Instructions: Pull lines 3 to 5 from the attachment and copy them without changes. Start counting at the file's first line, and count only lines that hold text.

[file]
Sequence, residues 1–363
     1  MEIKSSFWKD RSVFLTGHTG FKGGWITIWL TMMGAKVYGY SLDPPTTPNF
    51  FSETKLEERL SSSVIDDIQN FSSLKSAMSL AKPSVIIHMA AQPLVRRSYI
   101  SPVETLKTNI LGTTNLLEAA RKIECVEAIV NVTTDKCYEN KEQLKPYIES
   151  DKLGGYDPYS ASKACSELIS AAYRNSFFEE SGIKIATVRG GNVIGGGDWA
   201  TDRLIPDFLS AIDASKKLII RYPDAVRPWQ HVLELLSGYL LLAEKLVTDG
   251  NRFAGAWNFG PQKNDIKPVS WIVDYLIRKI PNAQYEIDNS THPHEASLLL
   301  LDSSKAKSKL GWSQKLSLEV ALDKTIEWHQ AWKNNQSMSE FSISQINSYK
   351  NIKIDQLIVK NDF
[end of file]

    51  FSETKLEERL SSSVIDDIQN FSSLKSAMSL AKPSVIIHMA AQPLVRRSYI
   101  SPVETLKTNI LGTTNLLEAA RKIECVEAIV NVTTDKCYEN KEQLKPYIES
   151  DKLGGYDPYS ASKACSELIS AAYRNSFFEE SGIKIATVRG GNVIGGGDWA